1. A crystal is mounted in the diffractometer and x-ray diffraction images are recorded. These are considered the raw data, and as with most instruments, their form is determined both by the instrument itself and the software used to start the refinement process into a molecular structure.
  2. This refinement then assigns a space group to the data and derives so-called structure factors or hkl data. This data can now be captured in a much more standard form known as a CIF (crystallographic information file) and is nowadays the format that is deposited with CSD.
  3. A reduced form of the CIF file, containing a sub-set of the information but lacking the hkl data is much the more common, and was the form originally sent to CSD until a few years ago.
  4. Very often an image of the resulting model for the molecular structure is also included. Whilst it is based on the data in the CIF file, it does not contain reusable data as such and is considered as being made available only for human use and perception.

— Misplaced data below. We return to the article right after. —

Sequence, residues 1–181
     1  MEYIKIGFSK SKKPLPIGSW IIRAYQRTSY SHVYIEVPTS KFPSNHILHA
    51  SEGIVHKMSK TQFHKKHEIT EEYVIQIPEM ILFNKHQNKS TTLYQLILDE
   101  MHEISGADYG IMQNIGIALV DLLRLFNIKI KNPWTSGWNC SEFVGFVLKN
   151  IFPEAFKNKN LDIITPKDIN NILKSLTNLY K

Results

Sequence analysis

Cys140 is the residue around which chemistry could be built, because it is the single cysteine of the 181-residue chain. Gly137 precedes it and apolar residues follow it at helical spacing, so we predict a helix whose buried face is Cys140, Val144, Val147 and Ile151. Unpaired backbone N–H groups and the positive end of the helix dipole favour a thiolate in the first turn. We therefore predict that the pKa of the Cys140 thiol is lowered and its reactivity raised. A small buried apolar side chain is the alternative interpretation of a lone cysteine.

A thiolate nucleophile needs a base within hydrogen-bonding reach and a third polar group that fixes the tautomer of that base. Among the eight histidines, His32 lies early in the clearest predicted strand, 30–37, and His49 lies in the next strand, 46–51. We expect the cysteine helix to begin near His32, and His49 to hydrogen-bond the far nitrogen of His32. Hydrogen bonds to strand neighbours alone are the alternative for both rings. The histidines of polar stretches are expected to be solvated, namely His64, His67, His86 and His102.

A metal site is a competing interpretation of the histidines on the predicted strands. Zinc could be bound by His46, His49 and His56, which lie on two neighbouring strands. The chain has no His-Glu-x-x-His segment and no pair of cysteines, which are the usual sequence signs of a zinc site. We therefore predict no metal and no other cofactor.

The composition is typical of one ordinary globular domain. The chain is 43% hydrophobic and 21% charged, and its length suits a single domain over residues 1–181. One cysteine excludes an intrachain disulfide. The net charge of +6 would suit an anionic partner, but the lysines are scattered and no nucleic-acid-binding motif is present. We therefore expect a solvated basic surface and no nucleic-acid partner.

It is form 1 that is missing from the CSD datasets. Because it can be quite large (~0.5-9 Gbyte), the current recommendation is that it is not stored on the CSD but on local data repositories. So now we see a need to establish if possible bidirectional links between type 1 and types 2-4 and to identify what characteristics of FAIR each has. Primarily, the F (findable) of FAIR will be explored here. This is done by illustrating some searches for this data, based on the metadata registered for it with DataCite.

  1. https://commons.datacite.org/?query=relatedIdentifiers.relatedIdentifier:10.5517*  (157 works)